We believe it could be truly said, and with all due reverence, that God’s schools are mostly night schools. While He Himself is more than willing to teach us at all times, it seems that His scholars learn more quickly in their night-times than they do when the sun is shining on them. Perhaps those bright lights of day tend to distract their attention, and they find it more difficult to concentrate than when the lights are dimmed, or deliberately put out. But God knows best what to do. He is skilful in His own business, and we have to say, as we read in Job: “Who teacheth like Him?” (Job 36:22).

Far be it from us, however, to minimise in any way the sheer greatness of the things that God would teach us. It is not just a matter of learning patience or perseverance, or even humility, (which, themselves, are not brief studies!), but there are those vast objective unveilings and insights which God longs to give to His people. These go far beyond the bounds of theology, or Bible-knowledge; these are heavenly things; they are areas that can only be entered with heavenly keys; keys which God Himself will kindly give us (Matt. 7:7). They are all immense things, but the mystery is that “things which are hidden from the wise and prudent are revealed unto babes” (Matt. 11:25). And we would add that, just that single fact itself takes a lot of learning (for the proud He knoweth afar off!). It is better, and quicker, if we enter God’s school, “knowing nothing, save Jesus Christ and Him crucified” (1 Cor. 2:2).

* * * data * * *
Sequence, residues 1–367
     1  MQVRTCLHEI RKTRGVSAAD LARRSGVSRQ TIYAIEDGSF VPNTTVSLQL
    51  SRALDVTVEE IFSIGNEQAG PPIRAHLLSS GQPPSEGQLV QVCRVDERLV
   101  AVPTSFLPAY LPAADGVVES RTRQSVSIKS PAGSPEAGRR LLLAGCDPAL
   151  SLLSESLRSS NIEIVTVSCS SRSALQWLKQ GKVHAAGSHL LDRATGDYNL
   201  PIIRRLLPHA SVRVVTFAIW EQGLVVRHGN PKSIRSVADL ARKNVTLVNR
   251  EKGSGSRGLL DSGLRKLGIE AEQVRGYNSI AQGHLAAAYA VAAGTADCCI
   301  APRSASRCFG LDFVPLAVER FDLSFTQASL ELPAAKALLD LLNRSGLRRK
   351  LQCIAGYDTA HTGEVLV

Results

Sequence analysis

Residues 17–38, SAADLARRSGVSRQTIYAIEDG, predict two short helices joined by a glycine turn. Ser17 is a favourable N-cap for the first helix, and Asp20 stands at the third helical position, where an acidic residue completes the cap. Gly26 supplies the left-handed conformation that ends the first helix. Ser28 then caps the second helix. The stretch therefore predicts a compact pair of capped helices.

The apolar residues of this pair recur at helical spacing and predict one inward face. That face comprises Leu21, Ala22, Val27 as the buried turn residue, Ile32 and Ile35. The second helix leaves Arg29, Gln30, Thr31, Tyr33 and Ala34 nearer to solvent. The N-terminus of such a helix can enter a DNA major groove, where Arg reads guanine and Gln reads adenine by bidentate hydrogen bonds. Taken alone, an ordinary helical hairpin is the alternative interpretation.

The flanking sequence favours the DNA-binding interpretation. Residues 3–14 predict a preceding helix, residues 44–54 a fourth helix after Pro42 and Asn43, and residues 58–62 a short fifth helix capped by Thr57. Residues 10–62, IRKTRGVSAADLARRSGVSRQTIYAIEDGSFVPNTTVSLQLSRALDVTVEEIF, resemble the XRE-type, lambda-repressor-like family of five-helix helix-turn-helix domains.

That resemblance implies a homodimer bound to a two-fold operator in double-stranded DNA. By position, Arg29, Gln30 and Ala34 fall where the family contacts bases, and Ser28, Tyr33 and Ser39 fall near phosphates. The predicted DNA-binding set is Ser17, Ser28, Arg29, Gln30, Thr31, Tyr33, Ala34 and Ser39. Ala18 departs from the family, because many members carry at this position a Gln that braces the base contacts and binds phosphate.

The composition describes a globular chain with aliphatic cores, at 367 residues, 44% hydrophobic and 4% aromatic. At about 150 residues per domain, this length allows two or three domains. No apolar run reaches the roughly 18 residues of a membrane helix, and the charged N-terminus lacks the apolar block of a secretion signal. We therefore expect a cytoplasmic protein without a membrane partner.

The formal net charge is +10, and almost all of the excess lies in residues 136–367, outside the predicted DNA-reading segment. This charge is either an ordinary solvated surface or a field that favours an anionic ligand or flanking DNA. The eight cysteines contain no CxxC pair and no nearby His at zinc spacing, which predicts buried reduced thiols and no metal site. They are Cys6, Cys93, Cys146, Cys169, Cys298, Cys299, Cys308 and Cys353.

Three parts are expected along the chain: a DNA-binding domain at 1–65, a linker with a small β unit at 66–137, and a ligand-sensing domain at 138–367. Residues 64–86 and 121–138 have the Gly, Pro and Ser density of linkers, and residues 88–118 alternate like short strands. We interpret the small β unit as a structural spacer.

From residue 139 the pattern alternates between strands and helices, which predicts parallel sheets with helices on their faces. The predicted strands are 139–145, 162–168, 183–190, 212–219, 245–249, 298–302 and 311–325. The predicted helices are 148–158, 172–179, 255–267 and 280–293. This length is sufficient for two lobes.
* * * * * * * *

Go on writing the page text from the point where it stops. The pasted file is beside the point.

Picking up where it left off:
But we say again that the lessons, and the truths, that can be learned in God’s school are immense, beyond all telling. Think of the greatness of personally knowing God and being able to speak face to face with Him (Exodus 33:11). And then, there is the matter of having, at least some grasp of God’s eternal purpose in Christ! The Lord Jesus told His disciples that it was actually given to them to know the mysteries of the Kingdom of heaven (see Matt. 13:11). (In the New Testament, a mystery is a mercifully uncovered secret that has at last been brought out into the open, like those toys hidden in the cupboard for weeks, and then brought out on Christmas morning!). It has been given to the disciples to know mysteries of the Kingdom, the reign and rulership of God! What a mystery, at last disclosed to Christ’s learners.